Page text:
Instead of Reconciliation, A Widening Gulf

Elizabeth A. Cole Elizabeth A. Cole

In the first-ever Japan-North Korea summit last September, North Korean leader Kim Jong Il apologized for the forced abductions of thirteen Japanese nationals who were taken to North Korea in the late 1970s and early 1980s. North Korea had previously denied responsibility for these — and many other — disappearances; and for years the issue has soured relations between the two countries.

Five of the abductees are alive and now visiting their families in Japan (the other eight have died either of natural causes or by committing suicide, North Korea claims). The Japanese press has obsessively chronicled their Rip van Winkle-like return and documented their struggles in readjusting to life in a modern country.

One major consequence of North Korea’s unexpected apology – presumably made in hopes of obtaining Japanese economic aid – has been a derailment of Prime Minister Koizumi’s efforts to normalize relations with North Korea, which was his motive for meeting Kim Jong Il in the first place. The faces and stories of the Japanese abductees are incomparably more compelling to the Japanese public than accounts of their nation’s own past misdeeds, which included the abduction of tens of thousands of Koreans during World War II. In the eyes of the Japanese public, Japan is now the aggrieved party in its relations with North Korea.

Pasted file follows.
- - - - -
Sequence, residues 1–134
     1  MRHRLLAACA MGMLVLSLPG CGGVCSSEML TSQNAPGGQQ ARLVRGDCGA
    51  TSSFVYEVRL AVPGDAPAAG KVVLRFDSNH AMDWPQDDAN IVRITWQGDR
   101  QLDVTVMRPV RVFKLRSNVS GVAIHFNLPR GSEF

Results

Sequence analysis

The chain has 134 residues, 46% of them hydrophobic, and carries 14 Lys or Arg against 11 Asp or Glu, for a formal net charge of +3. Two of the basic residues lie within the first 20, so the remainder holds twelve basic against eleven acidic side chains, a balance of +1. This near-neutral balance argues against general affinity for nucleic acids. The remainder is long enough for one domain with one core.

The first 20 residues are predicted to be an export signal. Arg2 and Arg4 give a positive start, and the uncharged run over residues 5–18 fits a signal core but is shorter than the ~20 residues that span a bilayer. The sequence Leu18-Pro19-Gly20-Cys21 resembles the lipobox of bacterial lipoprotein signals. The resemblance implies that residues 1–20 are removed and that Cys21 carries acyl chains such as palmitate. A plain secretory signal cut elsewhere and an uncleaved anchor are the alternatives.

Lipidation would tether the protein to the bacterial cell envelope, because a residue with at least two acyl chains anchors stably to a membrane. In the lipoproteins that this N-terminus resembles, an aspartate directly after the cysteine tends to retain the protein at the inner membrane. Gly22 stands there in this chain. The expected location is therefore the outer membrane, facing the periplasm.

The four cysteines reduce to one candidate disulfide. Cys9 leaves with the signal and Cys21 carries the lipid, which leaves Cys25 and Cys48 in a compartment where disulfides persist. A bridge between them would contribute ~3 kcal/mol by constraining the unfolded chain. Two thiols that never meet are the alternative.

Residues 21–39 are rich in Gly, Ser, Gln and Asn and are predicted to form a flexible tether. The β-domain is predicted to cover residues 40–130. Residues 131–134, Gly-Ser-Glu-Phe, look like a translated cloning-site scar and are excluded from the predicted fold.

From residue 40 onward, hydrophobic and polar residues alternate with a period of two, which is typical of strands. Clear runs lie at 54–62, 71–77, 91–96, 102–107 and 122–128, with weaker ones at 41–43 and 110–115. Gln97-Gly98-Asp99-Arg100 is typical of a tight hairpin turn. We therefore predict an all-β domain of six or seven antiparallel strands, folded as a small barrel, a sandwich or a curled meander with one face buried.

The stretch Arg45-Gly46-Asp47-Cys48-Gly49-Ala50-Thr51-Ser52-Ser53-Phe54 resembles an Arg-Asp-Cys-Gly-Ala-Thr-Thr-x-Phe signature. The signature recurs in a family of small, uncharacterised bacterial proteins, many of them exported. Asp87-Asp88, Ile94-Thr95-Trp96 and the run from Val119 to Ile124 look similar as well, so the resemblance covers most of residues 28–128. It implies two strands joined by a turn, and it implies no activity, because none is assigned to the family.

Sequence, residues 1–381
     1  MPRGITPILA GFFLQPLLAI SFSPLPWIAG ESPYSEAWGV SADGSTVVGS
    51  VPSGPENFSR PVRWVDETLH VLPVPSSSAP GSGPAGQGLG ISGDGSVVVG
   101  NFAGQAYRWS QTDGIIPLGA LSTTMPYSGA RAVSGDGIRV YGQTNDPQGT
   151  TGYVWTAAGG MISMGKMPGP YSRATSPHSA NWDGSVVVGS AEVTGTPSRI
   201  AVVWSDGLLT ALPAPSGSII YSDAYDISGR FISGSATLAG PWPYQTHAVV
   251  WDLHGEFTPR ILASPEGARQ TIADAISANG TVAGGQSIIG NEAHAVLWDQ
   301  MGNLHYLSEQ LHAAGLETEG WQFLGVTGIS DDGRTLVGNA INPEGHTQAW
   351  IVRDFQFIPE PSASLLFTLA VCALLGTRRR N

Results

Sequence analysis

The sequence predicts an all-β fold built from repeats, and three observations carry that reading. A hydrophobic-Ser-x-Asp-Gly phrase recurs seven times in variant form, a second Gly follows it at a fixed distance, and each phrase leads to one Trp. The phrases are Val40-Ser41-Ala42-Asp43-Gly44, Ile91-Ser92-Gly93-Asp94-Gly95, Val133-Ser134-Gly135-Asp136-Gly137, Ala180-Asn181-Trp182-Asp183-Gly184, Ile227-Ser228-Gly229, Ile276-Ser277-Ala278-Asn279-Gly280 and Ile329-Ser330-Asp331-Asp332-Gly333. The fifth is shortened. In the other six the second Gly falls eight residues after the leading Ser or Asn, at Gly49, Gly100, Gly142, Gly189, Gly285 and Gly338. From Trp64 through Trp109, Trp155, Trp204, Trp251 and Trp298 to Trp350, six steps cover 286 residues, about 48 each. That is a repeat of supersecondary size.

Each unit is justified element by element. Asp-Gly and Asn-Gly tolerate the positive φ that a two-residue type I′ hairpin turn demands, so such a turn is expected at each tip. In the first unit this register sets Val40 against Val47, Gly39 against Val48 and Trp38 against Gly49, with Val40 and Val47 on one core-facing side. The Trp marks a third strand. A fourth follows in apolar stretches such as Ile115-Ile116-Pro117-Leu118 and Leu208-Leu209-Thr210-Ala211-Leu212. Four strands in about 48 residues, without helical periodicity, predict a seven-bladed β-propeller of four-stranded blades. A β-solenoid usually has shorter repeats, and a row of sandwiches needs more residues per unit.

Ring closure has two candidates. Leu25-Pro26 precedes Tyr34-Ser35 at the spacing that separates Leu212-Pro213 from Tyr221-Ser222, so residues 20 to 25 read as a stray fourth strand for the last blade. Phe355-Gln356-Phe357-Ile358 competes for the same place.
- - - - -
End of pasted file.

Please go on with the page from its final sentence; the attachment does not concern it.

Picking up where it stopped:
Such competing memories of suffering are not limited to Northeast Asia: when Chechen terrorists occupied a theater in Moscow last October, ending in the deaths of hundreds of Russian hostages, the horror of this incident overpowered any awareness the Russian public may have had of Russia’s own long history of mass murder and displacement of Chechens.

A more positive comparison is offered by Poland and Germany. During World War II, German troops brutally occupied Poland, and in retaliation Poland expelled ethnic Germans from the country at the war’s end. But despite complicated legacies on both sides, the two countries now have a warming relationship. Some reasons include: an apology by the Germans at an official level backed up by reparations and domestic reform; wide-reaching public education and debate about the war; and, not least, Poland’s own development as a democratic partner that can openly discuss its own history of wrongdoing.

In contrast, North Korea’s apology over the abductees is a textbook example of what apologies should not be: made by the very person who launched the abduction policy, now the supreme state leader, and unaccompanied by any commitment to political and institutional change.

For its part, Japan has made only faltering attempts to acknowledge its own past failings. At last September’s historic meeting, Koizumi delivered a statement “humbly” expressing “deep remorse and heartfelt apology” for Korean suffering caused by thirty-five years of Japanese colonial occupation; but this is belied by his continued visits to the Yasukuni shrine, where war criminals are honored, along with glacial progress (and even backsliding) toward revising Japanese history textbooks to include an account of Japanese military aggression. Making matters worse, unlike Poland, North Korea is not an open, democratic country that can freely research, teach, and debate history and its legacy.

Read More: Reconciliation, Asia, Japan, North Korea

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